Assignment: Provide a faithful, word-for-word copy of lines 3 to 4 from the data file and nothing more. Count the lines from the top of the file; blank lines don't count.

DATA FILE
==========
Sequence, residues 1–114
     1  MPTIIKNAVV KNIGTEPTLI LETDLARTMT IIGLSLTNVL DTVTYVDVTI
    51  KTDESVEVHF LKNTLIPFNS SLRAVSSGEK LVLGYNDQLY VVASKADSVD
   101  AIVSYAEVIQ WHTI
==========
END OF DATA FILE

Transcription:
    51  KTDESVEVHF LKNTLIPFNS SLRAVSSGEK LVLGYNDQLY VVASKADSVD
   101  AIVSYAEVIQ WHTI